Yet when John and his wife talk themselves out of providing any financial assistance to the female Dashwoods at all, Mrs. Dashwood accepts the offer of her cousin, SIR JOHN MIDDLETON (middle aged) to move her family to Barton Park, hundreds of miles away. Once settled there, the Dashwoods find themselves rushed into an almost daily intimacy with Sir John and his wife, LADY MIDDLETON (late 20s) at the great house. There, they meet COLONEL BRANDON (early 40s), Sir John’s melancholy friend, who seems struck by Marianne’s musical ability — and beauty. But does his sad face conceal a secret?
Marianne’s heart is soon engaged elsewhere: she literally falls into love. Dashing and romantic WILLOUGHBY (26) happens to be riding by when Marianne tumbles down a hillside, spraining her ankle. Just like the romantic hero of her dreams, he sweeps her up and carries her to safety. Soon, the pair is inseparable, agreeing in every particular: in music, in poetry, in the proper response to life, which is to ignore propriety in favor of expressing unrestrained feeling. When Col. Brandon is abruptly obliged to cancel a party in order to rush off to London to attend to mysterious business, the lovers are perfectly agreed that stuffy old Brandon made up the urgency in order to spoil their pleasure.
All too quickly, however, it is Willoughby’s turn to be called away by mysterious duties, leaving a weeping Marianne courting every memory of their happy days together while Elinor wonders why the pair have not announced their evident engagement.
Edward comes to visit the Dashwoods, but he is sadly changed, morose and apparently afraid to be left alone with Elinor, despite Marianne’s continual and well-meaning efforts to allow the lovebirds solitude in which to coo. Edward is wearing an unexplained ring, human hair set in metal: he claims it is his sister Fanny’s but the Dashwoods are sure it is Elinor’s.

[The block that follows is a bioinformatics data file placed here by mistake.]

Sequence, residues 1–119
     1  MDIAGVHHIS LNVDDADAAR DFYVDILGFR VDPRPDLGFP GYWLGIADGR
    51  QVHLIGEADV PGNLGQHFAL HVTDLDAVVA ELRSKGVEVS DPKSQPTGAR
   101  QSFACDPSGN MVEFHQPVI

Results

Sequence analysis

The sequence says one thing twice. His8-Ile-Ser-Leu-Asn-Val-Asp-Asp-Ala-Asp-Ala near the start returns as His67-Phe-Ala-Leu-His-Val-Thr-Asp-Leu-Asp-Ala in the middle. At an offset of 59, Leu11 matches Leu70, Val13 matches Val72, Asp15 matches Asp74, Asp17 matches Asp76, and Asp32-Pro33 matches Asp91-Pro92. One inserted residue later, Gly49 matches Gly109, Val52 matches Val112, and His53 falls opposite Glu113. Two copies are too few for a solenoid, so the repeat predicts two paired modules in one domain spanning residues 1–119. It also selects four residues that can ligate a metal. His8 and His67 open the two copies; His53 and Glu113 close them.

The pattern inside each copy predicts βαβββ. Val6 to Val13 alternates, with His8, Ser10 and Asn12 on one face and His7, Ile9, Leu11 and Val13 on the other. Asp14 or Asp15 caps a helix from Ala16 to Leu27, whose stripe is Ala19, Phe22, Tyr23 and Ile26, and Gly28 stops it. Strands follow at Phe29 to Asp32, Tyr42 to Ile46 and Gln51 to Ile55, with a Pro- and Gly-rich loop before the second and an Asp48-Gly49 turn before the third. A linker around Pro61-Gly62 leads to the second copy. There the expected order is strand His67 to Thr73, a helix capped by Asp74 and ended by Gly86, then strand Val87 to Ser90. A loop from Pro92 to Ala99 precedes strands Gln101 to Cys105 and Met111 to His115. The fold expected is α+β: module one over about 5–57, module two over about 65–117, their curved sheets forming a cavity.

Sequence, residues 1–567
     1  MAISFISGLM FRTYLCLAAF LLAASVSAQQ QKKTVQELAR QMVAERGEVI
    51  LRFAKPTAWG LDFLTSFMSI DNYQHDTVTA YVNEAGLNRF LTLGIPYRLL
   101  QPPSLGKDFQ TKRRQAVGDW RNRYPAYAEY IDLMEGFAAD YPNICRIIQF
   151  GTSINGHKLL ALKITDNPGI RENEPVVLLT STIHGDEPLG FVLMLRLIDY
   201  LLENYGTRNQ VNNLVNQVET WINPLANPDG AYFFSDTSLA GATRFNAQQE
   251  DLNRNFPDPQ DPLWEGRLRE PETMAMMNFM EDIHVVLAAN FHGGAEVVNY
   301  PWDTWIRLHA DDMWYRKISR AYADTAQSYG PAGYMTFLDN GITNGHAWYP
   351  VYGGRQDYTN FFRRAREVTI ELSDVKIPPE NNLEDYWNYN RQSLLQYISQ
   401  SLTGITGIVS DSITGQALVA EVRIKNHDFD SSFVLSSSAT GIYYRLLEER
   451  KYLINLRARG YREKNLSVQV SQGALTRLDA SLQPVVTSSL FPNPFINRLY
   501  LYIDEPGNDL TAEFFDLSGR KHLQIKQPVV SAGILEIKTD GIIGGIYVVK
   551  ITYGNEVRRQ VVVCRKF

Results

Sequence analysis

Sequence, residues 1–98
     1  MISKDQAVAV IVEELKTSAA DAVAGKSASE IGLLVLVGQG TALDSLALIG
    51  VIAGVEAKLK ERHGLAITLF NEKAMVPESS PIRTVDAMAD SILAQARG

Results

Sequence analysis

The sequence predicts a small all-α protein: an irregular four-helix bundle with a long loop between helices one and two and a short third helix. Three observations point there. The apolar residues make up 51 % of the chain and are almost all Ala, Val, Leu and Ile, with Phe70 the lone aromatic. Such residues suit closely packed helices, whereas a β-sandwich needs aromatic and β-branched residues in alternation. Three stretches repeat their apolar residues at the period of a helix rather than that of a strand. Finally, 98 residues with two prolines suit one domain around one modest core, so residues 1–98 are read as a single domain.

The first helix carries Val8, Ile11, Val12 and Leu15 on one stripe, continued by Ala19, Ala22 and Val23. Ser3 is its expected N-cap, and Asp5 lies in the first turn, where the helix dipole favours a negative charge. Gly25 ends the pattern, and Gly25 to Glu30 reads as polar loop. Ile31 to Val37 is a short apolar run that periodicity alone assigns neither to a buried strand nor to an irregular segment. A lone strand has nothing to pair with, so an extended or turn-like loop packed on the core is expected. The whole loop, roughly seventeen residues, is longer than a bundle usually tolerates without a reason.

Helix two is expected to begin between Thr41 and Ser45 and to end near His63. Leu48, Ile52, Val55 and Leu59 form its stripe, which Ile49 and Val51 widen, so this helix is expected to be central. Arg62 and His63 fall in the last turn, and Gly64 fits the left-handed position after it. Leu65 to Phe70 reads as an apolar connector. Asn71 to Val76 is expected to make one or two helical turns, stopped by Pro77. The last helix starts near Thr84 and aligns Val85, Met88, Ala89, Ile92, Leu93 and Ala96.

Now, all of this does in fact occur in the first 50 pages of SENSE AND SENSIBILITY, at least in my well-worn little paperback addition. However, all of the plot shown above would be in the materials the agent requested, right? So, being a wise Aunt Jane, you would streamline your submission synopsis so it looked a bit more like this:
At the death of their wealthy father, ELINOR (19) and MARIANNE DASHWOOD (17) and their affectionate but impractical mother (MRS. DASHWOOD, 40) are forced to leave their life-long home and move halfway across England, to live near relatives they have never seen, far away from Elinor’s beloved EDWARD FERRARS (mid-20s). At the home of their cousins SIR JOHN (late 30s) and LADY MIDDLETON (late 20s), melancholy COLONEL BRANDON (early 40s), seems struck by Marianne’s musical ability — and beauty. But does his sad face conceal a secret?
Dashing WILLOUGHBY (26) happens to be riding by when Marianne tumbles down a hillside, spraining her ankle. Just like the romantic hero of her dreams, he sweeps her up and carries her to safety. Soon, the pair is inseparable, much to Col. Brandon’s chagrin. He rushes off to London to attend to mysterious business. All too quickly, however, Willoughby’s is called away, too. Marianne spends her days courting every tender memory of him, while Elinor wonders why the pair has not announced their evident engagement.
Elinor’s love life is less successful: when Edward comes to visit, he seems afraid to be left alone with her, despite Marianne’s continual and well-meaning efforts to allow the lovebirds solitude in which to coo. Does his silence mean he no longer loves Elinor?
See what space-saving wonders may be wrought by cutting down on the premise-establishing facts? The second synopsis is less than half the length of the first, yet still shows enough detail to show the agent how the submitted 50 pp. feeds into the rest of the book. Well done, Jane!
I feel another one of my pre-flight checklists welling up with me, but that will have to wait until tomorrow. Keep up the good work!